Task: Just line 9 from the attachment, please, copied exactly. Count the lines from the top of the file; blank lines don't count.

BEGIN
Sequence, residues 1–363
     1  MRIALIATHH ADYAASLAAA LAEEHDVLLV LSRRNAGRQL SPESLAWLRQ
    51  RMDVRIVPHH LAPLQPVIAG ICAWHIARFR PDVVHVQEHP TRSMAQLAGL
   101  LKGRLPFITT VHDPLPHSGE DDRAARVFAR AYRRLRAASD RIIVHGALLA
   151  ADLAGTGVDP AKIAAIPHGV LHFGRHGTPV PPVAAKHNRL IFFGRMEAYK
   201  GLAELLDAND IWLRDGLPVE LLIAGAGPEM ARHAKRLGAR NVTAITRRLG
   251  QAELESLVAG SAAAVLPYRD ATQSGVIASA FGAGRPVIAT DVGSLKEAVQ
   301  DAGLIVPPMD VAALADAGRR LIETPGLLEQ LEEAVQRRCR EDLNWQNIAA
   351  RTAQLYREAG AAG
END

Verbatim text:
   351  RTAQLYREAG AAG